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Tips for Optimal IVR Call Flow Design

Tips for Optimal IVR Call Flow Design

17 . August . 2018

Never underestimate the importance of your IVR. It is often said that good service starts at the front door. Just like a good hotel, where the doorman greets you and the whole experience is set by the ambiance of the lobby and the welcome received, for call centers, the IVR is a crucial doorway to your company. The way it greets your customers and directs them often dictates the impressions customers have about the service they will receive. When IVR messages are long and tedious, customers may rethink the value of their relationship with you and look for alternatives.

IVR’s represent a complex integration of processes and technologies that include call routing, prompts, voice talent and more. Each of these must be put under the microscope to optimize the total functionality of the IVR and initiate the best customer service experience possible.

Not every contact center has a frustrating call flow design; however, many do confuse and confound customers, which contributes to a growing dislike of IVR’s. The challenge of creating an effective and user-friendly IVR requires a seamless blend of technology with the need for simplified human interaction.

Our experts suggest that following one Golden Rule will help to eliminate a large majority of design issues. This rule states “Each customer, reaching each menu, should easily find one, but only one logical choice for them.” In addition to the Golden Rule, it would benefit IVR design teams to give consideration to the following:

What are the needs of the customers accessing the IVR?

What are the demographics of the customers?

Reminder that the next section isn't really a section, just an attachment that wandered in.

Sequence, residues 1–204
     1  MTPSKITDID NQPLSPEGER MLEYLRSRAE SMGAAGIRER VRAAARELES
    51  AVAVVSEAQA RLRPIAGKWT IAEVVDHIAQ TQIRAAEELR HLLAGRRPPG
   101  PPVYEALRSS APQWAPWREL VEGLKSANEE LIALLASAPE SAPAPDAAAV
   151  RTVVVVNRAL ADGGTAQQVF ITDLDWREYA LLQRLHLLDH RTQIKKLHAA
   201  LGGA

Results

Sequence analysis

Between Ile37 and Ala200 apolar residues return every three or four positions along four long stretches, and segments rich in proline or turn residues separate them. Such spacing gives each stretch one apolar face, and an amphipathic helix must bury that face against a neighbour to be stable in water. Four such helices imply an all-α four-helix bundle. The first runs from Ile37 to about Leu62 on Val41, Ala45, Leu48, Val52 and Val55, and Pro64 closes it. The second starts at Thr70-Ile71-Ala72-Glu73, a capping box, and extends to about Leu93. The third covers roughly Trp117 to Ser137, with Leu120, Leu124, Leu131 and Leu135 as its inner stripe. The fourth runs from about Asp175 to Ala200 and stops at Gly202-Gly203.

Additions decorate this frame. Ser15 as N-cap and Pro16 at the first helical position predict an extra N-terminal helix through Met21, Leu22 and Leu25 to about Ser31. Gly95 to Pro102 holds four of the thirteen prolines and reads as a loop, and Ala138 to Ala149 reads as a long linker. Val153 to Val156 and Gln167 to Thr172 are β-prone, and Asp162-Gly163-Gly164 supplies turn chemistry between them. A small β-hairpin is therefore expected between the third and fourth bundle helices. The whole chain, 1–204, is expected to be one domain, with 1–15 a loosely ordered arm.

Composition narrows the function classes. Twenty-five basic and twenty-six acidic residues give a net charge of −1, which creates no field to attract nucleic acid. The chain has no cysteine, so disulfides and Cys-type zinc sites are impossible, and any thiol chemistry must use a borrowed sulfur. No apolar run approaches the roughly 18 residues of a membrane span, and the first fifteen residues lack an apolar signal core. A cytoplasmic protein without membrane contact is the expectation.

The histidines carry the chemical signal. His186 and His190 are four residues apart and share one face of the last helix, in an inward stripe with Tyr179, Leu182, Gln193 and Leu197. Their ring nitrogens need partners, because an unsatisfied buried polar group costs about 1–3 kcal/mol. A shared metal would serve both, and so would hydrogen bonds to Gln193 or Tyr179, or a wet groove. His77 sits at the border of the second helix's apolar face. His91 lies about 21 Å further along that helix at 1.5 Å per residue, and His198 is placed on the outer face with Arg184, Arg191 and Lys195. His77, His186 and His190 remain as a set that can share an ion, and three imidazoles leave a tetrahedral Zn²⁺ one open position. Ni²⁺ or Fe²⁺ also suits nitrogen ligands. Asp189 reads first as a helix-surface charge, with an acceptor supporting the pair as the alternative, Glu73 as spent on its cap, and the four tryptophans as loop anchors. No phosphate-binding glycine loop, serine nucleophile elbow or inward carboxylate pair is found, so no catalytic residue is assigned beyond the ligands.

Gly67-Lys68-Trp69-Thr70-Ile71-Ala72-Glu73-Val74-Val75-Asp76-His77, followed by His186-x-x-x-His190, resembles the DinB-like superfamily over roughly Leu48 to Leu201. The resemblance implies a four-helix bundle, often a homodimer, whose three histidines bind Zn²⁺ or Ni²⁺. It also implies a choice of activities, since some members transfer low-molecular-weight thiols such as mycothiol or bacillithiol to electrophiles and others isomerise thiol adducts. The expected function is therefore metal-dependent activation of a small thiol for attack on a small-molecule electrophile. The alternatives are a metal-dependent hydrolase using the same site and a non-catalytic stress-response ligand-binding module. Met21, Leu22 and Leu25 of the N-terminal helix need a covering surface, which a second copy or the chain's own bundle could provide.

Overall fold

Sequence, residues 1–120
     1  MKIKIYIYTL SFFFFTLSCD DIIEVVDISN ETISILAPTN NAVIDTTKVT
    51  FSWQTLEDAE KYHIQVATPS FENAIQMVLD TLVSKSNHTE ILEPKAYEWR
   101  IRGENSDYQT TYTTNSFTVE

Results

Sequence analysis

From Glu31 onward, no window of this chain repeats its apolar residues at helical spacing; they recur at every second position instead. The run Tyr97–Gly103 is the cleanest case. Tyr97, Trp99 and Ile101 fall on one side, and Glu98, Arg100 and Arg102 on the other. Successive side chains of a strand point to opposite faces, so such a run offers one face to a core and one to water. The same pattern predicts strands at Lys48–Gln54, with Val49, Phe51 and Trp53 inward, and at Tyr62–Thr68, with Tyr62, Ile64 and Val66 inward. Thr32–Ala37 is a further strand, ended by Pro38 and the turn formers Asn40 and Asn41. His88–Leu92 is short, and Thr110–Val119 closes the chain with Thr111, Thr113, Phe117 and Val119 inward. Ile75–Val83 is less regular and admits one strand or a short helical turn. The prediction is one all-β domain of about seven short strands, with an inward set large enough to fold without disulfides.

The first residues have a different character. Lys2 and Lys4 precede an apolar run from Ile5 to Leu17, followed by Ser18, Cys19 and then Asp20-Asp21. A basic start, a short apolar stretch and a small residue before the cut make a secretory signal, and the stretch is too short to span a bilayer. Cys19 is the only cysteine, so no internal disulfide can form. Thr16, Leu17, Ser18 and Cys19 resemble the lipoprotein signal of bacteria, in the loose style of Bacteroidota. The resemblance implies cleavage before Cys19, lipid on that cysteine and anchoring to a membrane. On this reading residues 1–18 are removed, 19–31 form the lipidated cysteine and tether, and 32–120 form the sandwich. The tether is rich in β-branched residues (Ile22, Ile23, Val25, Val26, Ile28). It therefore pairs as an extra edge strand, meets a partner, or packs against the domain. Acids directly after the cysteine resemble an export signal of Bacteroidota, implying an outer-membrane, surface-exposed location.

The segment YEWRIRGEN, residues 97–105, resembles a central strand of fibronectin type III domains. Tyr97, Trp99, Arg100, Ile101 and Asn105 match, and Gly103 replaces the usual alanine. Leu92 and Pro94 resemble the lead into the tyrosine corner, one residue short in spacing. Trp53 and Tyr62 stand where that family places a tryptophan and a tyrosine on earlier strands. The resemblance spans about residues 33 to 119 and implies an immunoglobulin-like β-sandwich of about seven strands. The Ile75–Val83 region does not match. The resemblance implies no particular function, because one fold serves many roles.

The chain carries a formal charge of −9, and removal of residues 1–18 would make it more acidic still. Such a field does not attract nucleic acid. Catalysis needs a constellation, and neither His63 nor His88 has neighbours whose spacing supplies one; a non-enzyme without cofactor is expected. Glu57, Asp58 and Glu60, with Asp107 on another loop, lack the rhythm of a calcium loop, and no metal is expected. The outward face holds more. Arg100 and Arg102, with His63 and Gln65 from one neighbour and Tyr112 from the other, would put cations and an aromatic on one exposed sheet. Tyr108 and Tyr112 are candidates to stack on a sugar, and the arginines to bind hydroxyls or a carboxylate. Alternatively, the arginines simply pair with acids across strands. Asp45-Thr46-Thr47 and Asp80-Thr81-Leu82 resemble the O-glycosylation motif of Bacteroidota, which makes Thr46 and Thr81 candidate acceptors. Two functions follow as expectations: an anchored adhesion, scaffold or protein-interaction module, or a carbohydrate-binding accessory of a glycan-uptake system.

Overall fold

Have you avoided jargon used by the company that may be foreign to the customer?

Do you have multi-language options? Could you incorporate speech recognition?

Speech recognition technology is one of the most widely deployed technologies used, and one of the most identifiable to the customer. It’s use of simple phrases and stated numbers makes it easy for people to get it right the first time. Moreover, speech recognition works especially well with customers who are mobile – who represent a growing percentage of those reaching contact centers. People on the go have a harder time punching in numbers and therefore speech recognition offers the ease of conducting business using their voices. Speech recognition also can reduce menu options. When properly designed and implemented, tools like speech recognition enable companies to change business process easily and quickly, thus making the IVR more
efficient and cost effective.

To understand the efficiency of an IVR system, identifying the right metrics to track is essential. Our experts agree that Transfer Rate is perhaps the single and most valuable metric for measuring IVR efficiency. The IVR is designed to route calls of specific types to specific agent groups; therefore, by tracking the number of transfers that agents do in order to get the call to the correct location for issue resolution provides an indication of design flaws within the IVR. The second metric is the average time it takes to navigate through the IVR.
For those looking for best practices in IVR design, our experts suggest:

Establish a strategy: understand what the IVR is supposed to accomplish;

Create an IVR team comprised of people from IT and your business units so that both sides of the equation are addressed;